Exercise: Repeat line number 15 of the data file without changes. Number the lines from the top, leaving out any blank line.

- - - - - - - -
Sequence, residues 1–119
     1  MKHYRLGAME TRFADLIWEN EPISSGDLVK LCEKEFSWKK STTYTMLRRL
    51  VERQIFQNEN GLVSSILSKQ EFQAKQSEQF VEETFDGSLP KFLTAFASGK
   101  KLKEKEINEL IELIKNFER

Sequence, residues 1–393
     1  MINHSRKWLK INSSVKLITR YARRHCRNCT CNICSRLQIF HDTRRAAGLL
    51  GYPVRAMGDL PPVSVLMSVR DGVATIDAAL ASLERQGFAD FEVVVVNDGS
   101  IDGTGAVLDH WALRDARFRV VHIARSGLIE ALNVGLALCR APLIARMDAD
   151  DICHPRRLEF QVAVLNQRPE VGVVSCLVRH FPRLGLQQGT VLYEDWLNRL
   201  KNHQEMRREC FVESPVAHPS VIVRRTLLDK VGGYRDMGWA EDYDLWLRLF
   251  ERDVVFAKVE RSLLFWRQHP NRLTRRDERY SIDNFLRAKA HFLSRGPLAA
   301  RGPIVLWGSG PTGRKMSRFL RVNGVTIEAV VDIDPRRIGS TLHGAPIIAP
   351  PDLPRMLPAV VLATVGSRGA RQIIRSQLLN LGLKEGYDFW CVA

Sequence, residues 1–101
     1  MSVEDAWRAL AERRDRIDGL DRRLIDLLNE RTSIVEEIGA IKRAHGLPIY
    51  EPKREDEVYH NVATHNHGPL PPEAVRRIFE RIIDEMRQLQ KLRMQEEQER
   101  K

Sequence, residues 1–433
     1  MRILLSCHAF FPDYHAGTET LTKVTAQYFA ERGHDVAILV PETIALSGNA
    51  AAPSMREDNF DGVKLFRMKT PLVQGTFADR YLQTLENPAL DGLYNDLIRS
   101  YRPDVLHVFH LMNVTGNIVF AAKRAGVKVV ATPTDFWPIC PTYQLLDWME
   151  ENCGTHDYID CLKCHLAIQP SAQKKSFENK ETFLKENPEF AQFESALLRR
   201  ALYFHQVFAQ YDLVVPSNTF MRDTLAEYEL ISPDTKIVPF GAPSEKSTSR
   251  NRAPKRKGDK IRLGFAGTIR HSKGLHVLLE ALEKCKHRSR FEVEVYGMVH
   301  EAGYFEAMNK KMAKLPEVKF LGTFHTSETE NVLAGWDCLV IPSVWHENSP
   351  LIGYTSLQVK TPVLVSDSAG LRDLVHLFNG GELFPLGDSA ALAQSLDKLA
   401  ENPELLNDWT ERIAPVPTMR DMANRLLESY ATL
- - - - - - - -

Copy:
     1  MSVEDAWRAL AERRDRIDGL DRRLIDLLNE RTSIVEEIGA IKRAHGLPIY